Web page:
At this point, I have a JSON file loosely based on JSON Resume that I need (or want) to somehow transform into an HTML File, Word document, and PDF. My first instinct was to reach for React and use the old HTML generated from RST to serve as the base elements in my React components, use ReactDomServer to render a string, and go from there. I even found a Docx React reconciler, which was somewhat validating.

Ultimately, I chose not to take this route. Node.JS, TypeScript, React, and all the cruft that comes with a new JS project seemed like too many dependencies for what is ultimately just a tool to produce static files. I had been reading Thorsten Ball's Writing An Interpreter In Go and working on a toy language, but I put those on hold while I worked on my resume. So, this seemed like a time to eke out a side quest and get another new project to add to my resume.

So... I built a templating engine from scratch. Whoops!

Tmplrun is the shell of a Bring Your Own Language text templating system available as a Golang module and a minimal CLI. The elevator pitch is that it's basically like any other templating engine without the DSL for interacting with and manipulating data; use your favorite language.

It supports Javascript (via Goja) out of the box and needs a little more work to make bringing your own language possible. But Javascript as a templating language was good enough for this resume project; if I run into issues with it, I can make those fixes in Tmplrun, and I'm set. I'll give Tmplrun its own post at some point, but here's the TLDR for now.

The syntax is simple:

  • opening <% and closing tokens %>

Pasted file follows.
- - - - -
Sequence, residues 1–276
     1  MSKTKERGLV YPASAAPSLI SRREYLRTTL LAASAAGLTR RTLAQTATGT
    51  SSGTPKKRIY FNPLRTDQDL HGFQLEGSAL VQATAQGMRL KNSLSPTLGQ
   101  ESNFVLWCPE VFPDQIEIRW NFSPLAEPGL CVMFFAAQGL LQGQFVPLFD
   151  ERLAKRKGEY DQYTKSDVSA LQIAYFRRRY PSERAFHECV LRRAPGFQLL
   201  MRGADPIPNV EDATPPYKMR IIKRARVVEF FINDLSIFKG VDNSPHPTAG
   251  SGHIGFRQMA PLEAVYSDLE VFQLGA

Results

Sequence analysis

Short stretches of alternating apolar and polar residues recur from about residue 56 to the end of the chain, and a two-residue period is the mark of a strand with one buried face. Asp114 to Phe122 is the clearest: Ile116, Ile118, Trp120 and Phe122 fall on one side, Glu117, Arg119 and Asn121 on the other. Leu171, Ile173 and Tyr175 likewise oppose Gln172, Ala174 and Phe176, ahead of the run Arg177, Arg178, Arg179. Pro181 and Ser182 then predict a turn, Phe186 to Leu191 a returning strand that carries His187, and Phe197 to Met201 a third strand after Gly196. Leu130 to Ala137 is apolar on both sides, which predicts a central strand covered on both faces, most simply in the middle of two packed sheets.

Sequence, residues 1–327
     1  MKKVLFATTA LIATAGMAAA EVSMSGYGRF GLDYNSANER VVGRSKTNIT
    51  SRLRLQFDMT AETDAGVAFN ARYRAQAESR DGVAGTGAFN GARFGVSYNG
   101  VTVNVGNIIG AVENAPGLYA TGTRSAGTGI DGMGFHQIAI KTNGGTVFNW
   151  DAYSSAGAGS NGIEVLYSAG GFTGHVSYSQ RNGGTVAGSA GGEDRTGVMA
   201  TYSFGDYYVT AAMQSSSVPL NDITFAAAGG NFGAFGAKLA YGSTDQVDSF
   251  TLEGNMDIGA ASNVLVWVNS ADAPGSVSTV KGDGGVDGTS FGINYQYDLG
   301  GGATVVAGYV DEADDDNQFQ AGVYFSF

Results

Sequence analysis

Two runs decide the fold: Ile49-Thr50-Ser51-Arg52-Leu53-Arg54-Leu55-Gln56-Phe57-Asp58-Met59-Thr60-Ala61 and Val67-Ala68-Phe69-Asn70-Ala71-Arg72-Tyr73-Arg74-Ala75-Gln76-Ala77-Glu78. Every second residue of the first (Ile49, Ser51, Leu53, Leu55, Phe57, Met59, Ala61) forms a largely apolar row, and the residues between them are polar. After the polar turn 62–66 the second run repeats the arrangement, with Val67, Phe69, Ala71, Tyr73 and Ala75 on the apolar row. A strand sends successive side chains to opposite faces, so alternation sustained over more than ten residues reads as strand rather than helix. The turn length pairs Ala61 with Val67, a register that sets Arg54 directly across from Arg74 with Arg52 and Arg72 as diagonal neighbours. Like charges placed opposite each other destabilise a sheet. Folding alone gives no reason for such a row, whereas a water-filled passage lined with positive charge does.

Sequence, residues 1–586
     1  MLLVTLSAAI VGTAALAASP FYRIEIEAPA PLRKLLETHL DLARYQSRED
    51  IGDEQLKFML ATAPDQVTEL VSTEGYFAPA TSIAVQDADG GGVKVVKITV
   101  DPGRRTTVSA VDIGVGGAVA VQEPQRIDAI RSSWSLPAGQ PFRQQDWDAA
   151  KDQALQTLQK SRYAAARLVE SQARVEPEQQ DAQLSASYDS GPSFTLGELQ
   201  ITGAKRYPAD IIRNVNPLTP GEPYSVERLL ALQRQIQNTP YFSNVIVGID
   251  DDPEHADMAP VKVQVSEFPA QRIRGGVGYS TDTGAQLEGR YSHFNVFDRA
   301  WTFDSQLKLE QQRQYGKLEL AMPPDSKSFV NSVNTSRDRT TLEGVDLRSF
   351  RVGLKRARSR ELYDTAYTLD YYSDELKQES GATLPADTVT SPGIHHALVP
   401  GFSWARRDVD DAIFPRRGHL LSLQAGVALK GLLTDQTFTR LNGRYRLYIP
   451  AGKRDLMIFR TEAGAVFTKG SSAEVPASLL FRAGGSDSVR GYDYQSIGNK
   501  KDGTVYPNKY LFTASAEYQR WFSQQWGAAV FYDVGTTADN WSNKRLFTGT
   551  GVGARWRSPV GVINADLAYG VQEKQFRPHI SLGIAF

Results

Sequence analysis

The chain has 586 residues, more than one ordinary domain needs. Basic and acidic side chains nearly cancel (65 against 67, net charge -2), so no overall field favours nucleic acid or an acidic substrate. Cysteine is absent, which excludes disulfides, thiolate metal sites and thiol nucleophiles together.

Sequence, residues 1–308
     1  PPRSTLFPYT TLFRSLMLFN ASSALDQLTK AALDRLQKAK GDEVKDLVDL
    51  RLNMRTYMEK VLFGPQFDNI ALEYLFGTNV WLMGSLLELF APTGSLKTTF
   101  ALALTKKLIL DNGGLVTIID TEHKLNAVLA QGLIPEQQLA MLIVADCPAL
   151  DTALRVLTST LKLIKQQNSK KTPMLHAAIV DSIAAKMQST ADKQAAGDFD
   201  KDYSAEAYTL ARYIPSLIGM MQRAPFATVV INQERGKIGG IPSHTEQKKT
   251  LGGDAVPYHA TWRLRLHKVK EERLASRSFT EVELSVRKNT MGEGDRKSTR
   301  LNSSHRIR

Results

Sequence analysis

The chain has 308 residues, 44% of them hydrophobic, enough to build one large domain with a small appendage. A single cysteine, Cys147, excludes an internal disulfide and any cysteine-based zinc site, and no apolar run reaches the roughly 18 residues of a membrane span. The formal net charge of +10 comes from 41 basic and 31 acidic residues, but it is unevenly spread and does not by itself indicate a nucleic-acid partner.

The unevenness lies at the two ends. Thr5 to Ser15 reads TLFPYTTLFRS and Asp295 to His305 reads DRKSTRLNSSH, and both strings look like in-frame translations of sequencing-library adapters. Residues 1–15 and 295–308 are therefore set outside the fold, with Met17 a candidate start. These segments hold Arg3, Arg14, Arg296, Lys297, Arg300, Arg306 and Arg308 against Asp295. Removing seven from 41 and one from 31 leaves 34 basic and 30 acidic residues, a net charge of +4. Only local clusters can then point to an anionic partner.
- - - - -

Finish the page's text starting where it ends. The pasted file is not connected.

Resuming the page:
• An optional identifier for the language <%id id%>
  • Optionally pad with an additional % for disambiguation depending on the content <%% "just in case %> " %%>
  • Open and close must be "symmetrical" <%js "Good" js%> Bad: <%js "Bad" %>
  • Code in the middle <% code goes here %>
  • Code must be evaluated to a string (or something that the language driver can serialize into a JSON string)
The default is javascript: <% `%{user.lastName[0]} ,${user.firstName}` %>
But you can be specific <%js `%{user.lastName[0]} ,${user.firstName}` js%>
You can even get wild <% 
	(function() {
		const { lastName, firstName } = user;
		return `%{user.lastName[0]} ,${user.firstName}`
Other languages (future): <%rb "Hello ${user['firstName']}" rb%>

# Runtime features
Include plain text: <% include("path/to/some/file.txt") %>
Render another template with different props: <% template("path/to/template", { ...user, lastName: user.lastName[0] })  %>

And we're back

So now I have a templating language. Cool. I've also written my lexer+parser, which I'm actually going to use for something. Even cooler. I can produce a Markdown file from other source Markdown files, and my JSON file does not sound that impressive, nor is it much further than where I started with that old RST file. But remember, this whole Tmplrun thing was a side-quest, and I have a neat little project to add to my resume.

I'm playing it down a bit, but this markdown is really the IR (intermediate representation). With this, we should be able to compile it into HTML, Word, etc. I thought I could get away with a bunch of Pandoc magic and be done with it, but I couldn't achieve a unified look across all targets, even after a LaTeX rabbit hole I don't want to discuss. Plus, I knew I wanted to add a language extension to support TabStop. I wasn't going to let that go.

So I wrote the TabStop language extension, a Docx/XML renderer for the Goldmark Markdown parser (an outstanding project), a bunch of other glue tooling, and boom, Resume 3.0.0